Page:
I’m not as worried about the possibility of a Trump Presidency as many of my friends.
This could be because I tend to look on the bright side. Often, my initial reaction to bad news is to think that it can’t be that bad. But this is about more than denial.
I don’t take the possibility of armed Trumpomaniacs patrolling the streets lightly. I had family members killed in the holocaust. Roy Cohn, one of the principal engineers of my parents’ frame-up and execution, was Trump’s mentor. I understand the danger of his potential Supreme Court appointments and his racist, misogynist policies. I know a Trump victory could hurt a lot of people and would never advocate voting for him.
But I’m more concerned with the underlying anti-Trump message. Supporting the “lesser evil,” because we can’t live with a Trump victory, is a tacit admission that the status quo is tolerable. It isn’t. While Trump could be deadly for more of us domestically, our current system already is toxic for hundreds-of-millions of people worldwide, and is in the process of destroying the productive capacity of the planet. Both Trump’s and Clinton’s environmental policies would be disastrous for most of the world’s population.
A willingness to vote for the status quo because Trump is worse is also a subtle form of cognitive dissonance. It is a refusal to acknowledge, or to act on the knowledge, that we are about to run out of time and so must make climate change the number one priority. Instead of confronting a longer-term, but qualitatively deadlier, environmental impact, some progressives propose we vote for Clinton, a candidate whose policies make that end result more likely, in order to avoid the more immediate sociopolitical threat of Trump. I admit this is not an easy choice, but choosing the latter over the former could be our worst mistake.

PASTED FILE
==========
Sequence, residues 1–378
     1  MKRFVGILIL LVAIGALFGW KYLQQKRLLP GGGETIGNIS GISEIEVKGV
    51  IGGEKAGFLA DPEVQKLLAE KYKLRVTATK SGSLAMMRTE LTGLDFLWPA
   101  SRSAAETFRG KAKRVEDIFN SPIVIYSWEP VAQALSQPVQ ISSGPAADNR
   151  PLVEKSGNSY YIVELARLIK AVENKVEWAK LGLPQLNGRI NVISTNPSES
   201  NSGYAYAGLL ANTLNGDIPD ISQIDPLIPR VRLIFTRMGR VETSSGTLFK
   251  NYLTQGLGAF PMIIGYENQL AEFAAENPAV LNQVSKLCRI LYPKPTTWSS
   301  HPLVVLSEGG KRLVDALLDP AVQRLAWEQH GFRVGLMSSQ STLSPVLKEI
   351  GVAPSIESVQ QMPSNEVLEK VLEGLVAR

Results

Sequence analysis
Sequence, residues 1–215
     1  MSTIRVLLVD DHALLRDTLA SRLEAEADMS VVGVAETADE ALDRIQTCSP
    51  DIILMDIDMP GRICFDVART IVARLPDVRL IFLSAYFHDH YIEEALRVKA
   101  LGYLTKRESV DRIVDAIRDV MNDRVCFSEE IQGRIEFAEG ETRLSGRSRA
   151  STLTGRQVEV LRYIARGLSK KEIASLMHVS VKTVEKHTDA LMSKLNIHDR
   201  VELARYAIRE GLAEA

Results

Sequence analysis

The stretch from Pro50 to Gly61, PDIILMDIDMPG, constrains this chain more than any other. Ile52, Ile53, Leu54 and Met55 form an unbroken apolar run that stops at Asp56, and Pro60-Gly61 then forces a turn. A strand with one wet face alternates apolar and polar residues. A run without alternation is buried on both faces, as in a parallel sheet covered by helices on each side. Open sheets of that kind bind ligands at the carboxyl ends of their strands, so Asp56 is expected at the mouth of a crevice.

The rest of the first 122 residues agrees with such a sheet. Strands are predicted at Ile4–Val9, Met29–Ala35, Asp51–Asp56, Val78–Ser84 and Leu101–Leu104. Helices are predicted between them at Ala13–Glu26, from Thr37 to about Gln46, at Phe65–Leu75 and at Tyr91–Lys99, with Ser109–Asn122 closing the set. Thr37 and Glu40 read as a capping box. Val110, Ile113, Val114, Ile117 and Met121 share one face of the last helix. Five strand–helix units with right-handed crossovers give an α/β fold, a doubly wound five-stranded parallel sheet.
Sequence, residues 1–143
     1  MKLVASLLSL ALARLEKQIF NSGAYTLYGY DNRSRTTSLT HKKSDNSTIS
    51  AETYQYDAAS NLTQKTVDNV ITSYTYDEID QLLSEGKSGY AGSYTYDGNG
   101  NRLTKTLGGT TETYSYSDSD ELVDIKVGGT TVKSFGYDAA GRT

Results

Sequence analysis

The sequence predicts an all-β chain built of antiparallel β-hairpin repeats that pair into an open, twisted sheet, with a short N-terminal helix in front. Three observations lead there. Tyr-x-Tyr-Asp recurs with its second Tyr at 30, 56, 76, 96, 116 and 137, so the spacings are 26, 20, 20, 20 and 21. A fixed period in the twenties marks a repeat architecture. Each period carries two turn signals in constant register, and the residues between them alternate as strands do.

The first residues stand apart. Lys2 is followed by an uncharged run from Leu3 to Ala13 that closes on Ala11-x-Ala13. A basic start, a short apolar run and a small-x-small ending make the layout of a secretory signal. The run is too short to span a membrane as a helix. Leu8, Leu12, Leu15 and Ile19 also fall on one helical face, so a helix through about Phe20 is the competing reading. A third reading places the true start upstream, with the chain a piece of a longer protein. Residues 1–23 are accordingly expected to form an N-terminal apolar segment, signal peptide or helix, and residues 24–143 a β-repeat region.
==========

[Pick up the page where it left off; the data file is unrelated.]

Some progressive people say it isn’t that bad. We can adjust capitalism to make it greener, a new technological breakthrough will save us or a mass movement could push a Clinton Presidency to change course. Clinton’s history of support for war, global, neo-liberal corporate control, and the fossil fuel industry, indicates the last is extremely unlikely. Science suggests that four or eight more years of Obama-style energy policies, plus incremental greening, will not save us. Capitalism, with its grow or die imperative, is not sustainable.
Other progressives reject capitalism, but insist there is no viable alternative. That’s admitting defeat. We might not succeed, but if radical change is needed, then, by definition, we must step outside of the current political framework to bring it about. We must take to heart Naomi Klein’s brilliant insight that everything has changed and act on it.
Our civilization, even our survival as a species, is at stake. Like so many who have researched this issue, I live every day with that understanding. My fear of Trump pales in comparison.
Robert Meeropol (born Robert Rosenberg in 1947) is the younger son of Ethel and Julius Rosenberg.
—Robert Meeropol, June 9, 2016